[ExI] Chemical Origins of Life (was Re: Panbiogenesis)

Kelly Anderson kellycoinguy at gmail.com
Sun Feb 5 04:20:23 UTC 2012


On Sat, Feb 4, 2012 at 7:22 AM, Eugen Leitl <eugen at leitl.org> wrote:
> On Sat, Feb 04, 2012 at 01:24:30PM +0100, Stefano Vaj wrote:
>
>> In principle, since there is no real reason why one philogenesis should be
>> similar to another, it could also be a peculiar direction of terrestrial
>> biology, much more so than marsupials for Australia.
>
> It is completely impossible to tell how typical or atypical our
> origin and history are without having access to at least one,
> preferably multiple samples which originated outside of common causal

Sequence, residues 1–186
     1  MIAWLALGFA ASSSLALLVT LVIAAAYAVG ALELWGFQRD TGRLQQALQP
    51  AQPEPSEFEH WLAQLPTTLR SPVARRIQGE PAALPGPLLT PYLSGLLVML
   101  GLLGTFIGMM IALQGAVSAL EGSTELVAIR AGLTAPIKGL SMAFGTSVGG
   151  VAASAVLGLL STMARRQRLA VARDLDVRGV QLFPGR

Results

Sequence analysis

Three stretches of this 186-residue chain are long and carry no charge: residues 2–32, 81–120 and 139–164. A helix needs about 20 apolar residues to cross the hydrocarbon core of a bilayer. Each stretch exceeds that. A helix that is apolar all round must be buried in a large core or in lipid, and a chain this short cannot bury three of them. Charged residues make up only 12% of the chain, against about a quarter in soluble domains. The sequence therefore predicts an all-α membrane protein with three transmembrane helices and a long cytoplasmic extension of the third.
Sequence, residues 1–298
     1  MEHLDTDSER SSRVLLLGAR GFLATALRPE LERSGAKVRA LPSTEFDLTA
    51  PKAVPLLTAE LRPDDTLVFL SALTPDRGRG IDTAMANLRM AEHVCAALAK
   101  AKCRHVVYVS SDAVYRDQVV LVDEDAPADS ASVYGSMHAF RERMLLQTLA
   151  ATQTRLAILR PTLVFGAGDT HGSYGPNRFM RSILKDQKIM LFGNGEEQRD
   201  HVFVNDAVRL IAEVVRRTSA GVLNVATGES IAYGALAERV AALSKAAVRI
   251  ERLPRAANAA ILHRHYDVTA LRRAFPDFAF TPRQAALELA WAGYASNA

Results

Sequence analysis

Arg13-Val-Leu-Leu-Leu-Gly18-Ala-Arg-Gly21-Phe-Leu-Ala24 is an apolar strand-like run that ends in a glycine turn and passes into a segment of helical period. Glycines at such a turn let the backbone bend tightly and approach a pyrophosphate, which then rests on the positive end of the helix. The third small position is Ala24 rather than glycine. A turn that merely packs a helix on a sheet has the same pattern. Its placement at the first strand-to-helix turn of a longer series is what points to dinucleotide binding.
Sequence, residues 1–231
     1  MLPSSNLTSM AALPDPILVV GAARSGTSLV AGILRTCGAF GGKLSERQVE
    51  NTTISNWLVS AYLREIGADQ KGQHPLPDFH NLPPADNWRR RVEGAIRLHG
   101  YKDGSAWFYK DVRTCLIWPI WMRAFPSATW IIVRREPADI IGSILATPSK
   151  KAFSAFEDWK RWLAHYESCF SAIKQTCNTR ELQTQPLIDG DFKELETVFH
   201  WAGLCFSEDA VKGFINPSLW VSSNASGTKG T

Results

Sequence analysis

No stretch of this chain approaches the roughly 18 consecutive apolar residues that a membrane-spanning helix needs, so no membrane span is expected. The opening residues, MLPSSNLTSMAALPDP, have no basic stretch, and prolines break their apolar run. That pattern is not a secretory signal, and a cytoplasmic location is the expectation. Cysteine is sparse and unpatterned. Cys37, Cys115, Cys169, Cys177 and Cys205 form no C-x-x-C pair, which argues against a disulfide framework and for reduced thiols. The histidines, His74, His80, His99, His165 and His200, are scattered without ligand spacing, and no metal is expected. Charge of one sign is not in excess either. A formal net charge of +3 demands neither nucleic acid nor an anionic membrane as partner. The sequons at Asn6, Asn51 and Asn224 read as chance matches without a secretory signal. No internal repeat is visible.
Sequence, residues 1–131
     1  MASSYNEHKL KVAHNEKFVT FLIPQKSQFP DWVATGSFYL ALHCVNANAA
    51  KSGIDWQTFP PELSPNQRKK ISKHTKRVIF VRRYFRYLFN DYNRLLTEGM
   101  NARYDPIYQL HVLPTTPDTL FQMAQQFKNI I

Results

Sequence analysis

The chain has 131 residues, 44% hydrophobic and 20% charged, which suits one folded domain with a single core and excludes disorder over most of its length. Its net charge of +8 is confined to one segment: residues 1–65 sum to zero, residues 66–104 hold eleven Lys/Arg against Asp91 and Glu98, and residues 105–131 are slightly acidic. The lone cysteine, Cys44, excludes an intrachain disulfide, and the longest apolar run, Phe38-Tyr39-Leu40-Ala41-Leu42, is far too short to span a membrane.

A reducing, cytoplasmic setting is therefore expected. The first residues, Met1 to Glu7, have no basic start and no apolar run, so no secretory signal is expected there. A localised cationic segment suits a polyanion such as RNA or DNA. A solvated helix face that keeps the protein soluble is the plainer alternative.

> origin. The solar system is probably insufficient, unless we have clear
> evidence of multiple independant origins within this very
> system (improbable due to crosscontamination).

If the life were sufficiently different, say not DNA or RNA based,
then it would probably be sufficient to rule out cross contamination.

>> In other words, some kind or another of procaryotes could in be pretty
>> frequent in the universe, while  eucaryotes may just not be "required".
>>
>> This, irrespective of how much procaryotes species can be diverse and
>> interesting and evolutionary successful, would be a quite boring and bleak
>> scenario from our own perspective... :-/
>
> Right, we're looking for someone we can relate to, or at least
> look upward to.

Good, you read that the same way I did... :-)

-Kelly



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